Solar Panels Paying Back Energy Debt
Renewable energy skeptics and fossil fuel advocates always enjoy pointing out that photovoltaic solar panels take more energy to make than they produce, as an argument that this cornerstone of our green energy future isn’t as green as its fans would like us to believe — but Stanford researchers released a report Tuesday to disprove this point.
The argument goes that the photovoltaic solar panels consume more energy, which comes from the fossil fuels that photovoltaic solar panels are meant to replace, than they eventually save — so they are actually doing more harm to the environment than good. According to the researchers at the Stanford Global Climate & Energy Project, this more than likely stopped being true last year.
Rapidly falling prices of photovoltaic solar panels and numerous increases in their efficiency over the past several years have evened out the imbalance, making 2012 the first time that the world’s solar panels contributed more to the world’s energy consumption than their manufacture took out.
In 2005, according to the report, it took 75 percent more energy to make a solar panel than it would have produced. But, assuming prices continue to fall and the manufacturing process continues to get more efficient, solar panels will pay back that debt, making up for all of the energy it has ever taken to produce every solar panel, sometime between 2015 and 2020.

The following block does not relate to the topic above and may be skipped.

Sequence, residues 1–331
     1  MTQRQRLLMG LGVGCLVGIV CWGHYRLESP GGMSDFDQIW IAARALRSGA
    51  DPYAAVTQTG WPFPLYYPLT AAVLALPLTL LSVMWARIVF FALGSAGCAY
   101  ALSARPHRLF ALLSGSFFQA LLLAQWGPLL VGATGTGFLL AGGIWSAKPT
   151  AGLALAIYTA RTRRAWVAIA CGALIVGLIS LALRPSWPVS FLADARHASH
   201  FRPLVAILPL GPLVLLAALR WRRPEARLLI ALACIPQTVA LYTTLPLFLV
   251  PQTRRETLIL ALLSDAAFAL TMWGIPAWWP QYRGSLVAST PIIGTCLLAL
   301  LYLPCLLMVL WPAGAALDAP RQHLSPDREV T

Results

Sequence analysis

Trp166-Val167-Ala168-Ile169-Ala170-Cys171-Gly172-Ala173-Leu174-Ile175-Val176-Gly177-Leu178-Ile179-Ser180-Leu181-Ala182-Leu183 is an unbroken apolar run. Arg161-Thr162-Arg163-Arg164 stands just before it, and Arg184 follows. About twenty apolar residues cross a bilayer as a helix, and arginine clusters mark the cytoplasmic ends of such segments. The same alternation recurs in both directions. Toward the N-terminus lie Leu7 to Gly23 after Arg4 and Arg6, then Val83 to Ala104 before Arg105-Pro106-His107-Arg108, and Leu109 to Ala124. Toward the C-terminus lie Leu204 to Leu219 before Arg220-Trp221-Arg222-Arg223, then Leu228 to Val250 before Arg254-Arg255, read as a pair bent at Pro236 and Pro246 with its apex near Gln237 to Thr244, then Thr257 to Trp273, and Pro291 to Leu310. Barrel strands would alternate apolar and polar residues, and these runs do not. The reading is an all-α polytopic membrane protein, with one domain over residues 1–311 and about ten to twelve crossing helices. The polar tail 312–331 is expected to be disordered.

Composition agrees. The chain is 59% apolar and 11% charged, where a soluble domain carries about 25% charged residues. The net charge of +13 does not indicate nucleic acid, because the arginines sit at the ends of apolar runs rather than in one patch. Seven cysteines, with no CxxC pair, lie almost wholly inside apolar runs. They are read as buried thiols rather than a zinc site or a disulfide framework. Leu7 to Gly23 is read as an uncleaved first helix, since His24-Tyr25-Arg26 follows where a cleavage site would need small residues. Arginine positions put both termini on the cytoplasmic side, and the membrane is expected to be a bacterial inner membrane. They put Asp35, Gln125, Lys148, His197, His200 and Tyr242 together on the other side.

"This analysis shows that the industry is making positive strides," Michael Dale, a postdoctoral fellow at Stanford's Global Climate & Energy Project, said in a release. "Despite its fantastically fast growth rate, PV is producing – or just about to start producing – a net energy benefit to society."
GCEP's director, Sally Benson, is excited to see how further developments in the photovoltaic solar panel industry will impact global energy consumption, and the role that Stanford could play in that market.
"GCEP is focused on developing game-changing energy technologies that can be deployed broadly. If we can continue to drive down the energy inputs, we will derive greater benefits from PV," Benson said. "Developing new technologies with lower energy requirements will allow us to grow the industry at a faster rate."
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